I mean, the idea that the cost to mail a letter should vary depending on where it is sent from, sent to, and the precise method used to transport it, whether the truck driver was unionized or non-unionized, etc. is pretty outlandish.

And again, I’m saying this as someone who, in your estimation, is getting the short end of the stick. I’m not subsidizing your mail, period.
But that makes no sense. If I am UltraVires Inc., mail delivery company, and you want me to deliver a letter across town, that's gonna be a different price than delivery four states away and up a mountain.

The only reason it isn't in the USPS is because of a Federal law. And that is a transfer of money from the town guy to the mountain guy.

I must have misunderstood you somehow. All companies (except USPS) charge differently based on distance and charge. Try UHaul.
  #73  
Old 04-27-2020, 11:38 PM
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In a fair world, you should pay less for mail than me, but the government mandates that not happen. As such, you are subsidizing my mail, with the USPS as the conduit.
"...the government mandates that not happen." That's better worded as, "The Postal Service is legally obligated to serve all Americans, regardless of geography, at uniform price and quality." (cite). Government mandates and obligates many things but such enactments are usually called "laws". I am mandated not to shoot loathsome neighbors. Damn laws...

Back to subsidies. Prosperous (blue) states generate more revenue than they receive in federal paybacks; poor (red) states are just the opposite. Blue states subsidize red states. In your fair world, federal taxes should be raised in red states. And US senators are paid the same no matter how many state residents they represent. Wyoming's senators should thus be paid 1/3 as much as California's in your fair world.

Nobody pays for the rough dirt right-of-way at the edge of our property but our fuel taxes maintain roads we'll never use so we subsidize commuters and joyriders. Let's scrap that, GPS-track vehicle use, and charge tolls by mileage driven. It's only fair.

"Historically, the vast majority of subsidies in the United States have gone towards four industries: agriculture, financial institutions, oil companies, and utilities companies." (cite) In your fair world these losers should be left to collapse but they're usually politically connected and too big fail. US taxpayers subsidize incompetent managements. That's not surprising in a nation that installs vote-losers.
  #74  
Old 04-28-2020, 10:59 AM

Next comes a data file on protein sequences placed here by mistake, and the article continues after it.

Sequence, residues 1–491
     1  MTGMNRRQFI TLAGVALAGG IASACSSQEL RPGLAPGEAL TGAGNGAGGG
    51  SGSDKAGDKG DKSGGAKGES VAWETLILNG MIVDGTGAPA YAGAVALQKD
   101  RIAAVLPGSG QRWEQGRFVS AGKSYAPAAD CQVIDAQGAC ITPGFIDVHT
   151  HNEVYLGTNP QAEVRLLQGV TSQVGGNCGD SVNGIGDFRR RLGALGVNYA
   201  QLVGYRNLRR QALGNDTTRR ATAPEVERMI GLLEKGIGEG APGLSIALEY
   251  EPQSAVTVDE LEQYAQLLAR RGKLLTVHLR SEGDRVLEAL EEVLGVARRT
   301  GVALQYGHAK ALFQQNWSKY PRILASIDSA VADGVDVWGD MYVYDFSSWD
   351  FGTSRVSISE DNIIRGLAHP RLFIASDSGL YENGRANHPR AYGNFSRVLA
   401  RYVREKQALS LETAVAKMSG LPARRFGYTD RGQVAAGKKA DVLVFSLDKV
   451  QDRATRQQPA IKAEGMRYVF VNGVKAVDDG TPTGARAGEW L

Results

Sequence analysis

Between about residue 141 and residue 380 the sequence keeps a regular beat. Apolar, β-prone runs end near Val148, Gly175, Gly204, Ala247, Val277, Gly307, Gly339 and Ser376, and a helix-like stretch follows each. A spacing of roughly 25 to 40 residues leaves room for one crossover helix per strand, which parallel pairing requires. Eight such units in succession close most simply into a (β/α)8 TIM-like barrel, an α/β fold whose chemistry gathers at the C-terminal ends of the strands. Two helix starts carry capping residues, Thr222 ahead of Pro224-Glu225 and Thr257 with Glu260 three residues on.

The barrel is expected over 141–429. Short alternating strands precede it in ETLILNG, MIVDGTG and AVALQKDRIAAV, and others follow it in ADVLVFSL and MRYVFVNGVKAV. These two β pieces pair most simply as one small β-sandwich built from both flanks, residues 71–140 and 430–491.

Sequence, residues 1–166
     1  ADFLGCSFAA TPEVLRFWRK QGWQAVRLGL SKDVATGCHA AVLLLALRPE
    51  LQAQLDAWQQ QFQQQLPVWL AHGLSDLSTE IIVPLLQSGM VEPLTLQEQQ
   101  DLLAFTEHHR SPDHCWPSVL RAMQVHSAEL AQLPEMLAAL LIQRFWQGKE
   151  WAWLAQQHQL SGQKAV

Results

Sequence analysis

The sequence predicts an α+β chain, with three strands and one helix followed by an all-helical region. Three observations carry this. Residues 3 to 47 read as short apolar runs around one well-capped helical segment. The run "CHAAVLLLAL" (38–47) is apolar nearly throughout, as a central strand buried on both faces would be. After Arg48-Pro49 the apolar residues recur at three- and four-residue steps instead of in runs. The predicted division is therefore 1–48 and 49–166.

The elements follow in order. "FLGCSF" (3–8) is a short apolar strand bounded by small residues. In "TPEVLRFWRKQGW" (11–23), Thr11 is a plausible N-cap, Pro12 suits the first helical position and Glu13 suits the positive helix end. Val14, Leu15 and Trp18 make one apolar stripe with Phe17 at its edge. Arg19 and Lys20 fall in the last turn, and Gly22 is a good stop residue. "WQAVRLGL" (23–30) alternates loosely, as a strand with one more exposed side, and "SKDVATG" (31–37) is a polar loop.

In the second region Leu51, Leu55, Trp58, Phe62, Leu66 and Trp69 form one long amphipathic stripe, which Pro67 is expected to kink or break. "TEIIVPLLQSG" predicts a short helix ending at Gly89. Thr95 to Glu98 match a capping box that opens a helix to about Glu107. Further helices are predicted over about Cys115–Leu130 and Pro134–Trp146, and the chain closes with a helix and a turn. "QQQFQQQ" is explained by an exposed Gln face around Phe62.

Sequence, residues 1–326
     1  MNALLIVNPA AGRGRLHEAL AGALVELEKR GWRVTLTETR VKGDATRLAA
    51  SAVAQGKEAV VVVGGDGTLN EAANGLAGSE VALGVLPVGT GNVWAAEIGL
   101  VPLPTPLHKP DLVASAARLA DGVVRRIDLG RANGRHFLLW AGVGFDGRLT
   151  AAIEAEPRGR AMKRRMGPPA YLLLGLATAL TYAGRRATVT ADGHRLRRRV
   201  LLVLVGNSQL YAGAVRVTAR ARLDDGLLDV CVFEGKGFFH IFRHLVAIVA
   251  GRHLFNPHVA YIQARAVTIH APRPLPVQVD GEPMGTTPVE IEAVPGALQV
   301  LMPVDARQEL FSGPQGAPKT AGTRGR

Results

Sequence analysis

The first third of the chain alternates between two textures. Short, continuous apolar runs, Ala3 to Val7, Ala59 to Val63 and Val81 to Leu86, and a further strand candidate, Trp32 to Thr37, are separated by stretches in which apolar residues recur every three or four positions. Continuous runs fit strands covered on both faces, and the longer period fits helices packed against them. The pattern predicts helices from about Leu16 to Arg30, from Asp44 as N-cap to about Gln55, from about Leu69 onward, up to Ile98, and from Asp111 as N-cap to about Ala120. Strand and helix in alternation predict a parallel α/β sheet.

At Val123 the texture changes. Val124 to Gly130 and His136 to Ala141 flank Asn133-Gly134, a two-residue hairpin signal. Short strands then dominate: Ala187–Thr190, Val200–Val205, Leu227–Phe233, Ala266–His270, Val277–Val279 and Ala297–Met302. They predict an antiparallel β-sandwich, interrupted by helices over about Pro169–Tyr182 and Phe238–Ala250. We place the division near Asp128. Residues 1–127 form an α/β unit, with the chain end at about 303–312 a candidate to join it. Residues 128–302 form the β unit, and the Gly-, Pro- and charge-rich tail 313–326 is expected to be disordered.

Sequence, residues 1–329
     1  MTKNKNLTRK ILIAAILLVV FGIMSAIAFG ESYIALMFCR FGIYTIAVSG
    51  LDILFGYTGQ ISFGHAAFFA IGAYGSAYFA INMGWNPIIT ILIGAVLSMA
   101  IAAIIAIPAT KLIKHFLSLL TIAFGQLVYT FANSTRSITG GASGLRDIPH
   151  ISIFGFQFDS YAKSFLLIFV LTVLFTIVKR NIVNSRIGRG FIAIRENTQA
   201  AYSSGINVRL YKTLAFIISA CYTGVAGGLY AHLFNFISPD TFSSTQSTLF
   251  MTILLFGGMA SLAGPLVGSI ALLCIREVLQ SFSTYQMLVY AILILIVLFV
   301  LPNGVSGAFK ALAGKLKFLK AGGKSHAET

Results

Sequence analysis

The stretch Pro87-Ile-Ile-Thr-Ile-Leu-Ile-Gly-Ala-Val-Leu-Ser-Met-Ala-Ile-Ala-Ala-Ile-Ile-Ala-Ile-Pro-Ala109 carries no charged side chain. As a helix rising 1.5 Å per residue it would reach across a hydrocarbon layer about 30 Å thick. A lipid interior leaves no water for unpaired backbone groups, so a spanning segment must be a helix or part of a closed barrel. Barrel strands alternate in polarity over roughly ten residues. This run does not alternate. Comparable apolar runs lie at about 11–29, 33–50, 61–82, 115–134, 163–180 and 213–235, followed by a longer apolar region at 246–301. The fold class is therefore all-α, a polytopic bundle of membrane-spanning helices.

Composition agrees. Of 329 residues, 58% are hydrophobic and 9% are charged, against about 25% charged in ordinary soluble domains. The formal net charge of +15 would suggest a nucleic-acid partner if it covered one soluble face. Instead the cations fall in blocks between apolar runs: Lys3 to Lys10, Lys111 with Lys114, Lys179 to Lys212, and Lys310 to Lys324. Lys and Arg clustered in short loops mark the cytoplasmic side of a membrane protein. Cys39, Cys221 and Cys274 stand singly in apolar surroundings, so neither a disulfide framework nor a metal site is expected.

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But that makes no sense.
Sorry, but it's your claim that makes no sense. Any business with fixed prices - from a fast food chain to a supermarket to a clothing store to an electric utility to a bookstore to an insurer covering a prescription - will have some transactions that cost less than other transactions. To say that the people whose transactions cost less subsidize those who cost more is a mockery of the word "subsidize." All businesses understand that the actual costs of any individual transaction are not calculable in real time and that assigning a fixed cost is necessary to average out the variables. My having my credit card ready gets me through the door faster than someone who decides to count out exact change but there is no sense in which that means I am subsidizing the person using change; there may have been a hundred variables before reaching the checkout that would have changed the cost calculation. Even if I somehow cost "less" that time I may wind up costing "more" the next time. Does that mean I am subsidizing myself?

You are using "subsidize" in a way different from all normal English discourse and all normal economic jargon. The flow of costs and revenues is an important field of economics but trivializing and making terms meaningless doesn't help understanding.
  #75  
Old 04-28-2020, 12:12 PM
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Nope. Being charged equal prices for the same service is by definition not a subsidy, even if the “true cost” of the service may vary a bit between customers.
It is a common notion in business that one portion of a business can be considered to "subsidize" a different portion of a business. For example, this is a quote from an accounting site:
"By failing to assign costs to all of the activities, touring bicycles were subsidizing mountain bicycles. Many companies have found themselves in similar situations. Activity-based costing has revealed that low-volume, specialized products have been the cause of greater costs than managers had realized."


Quote:
I mean, the idea that the cost to mail a letter should vary depending on where it is sent from, sent to, and the precise method used to transport it, whether the truck driver was unionized or non-unionized, etc. is pretty outlandish.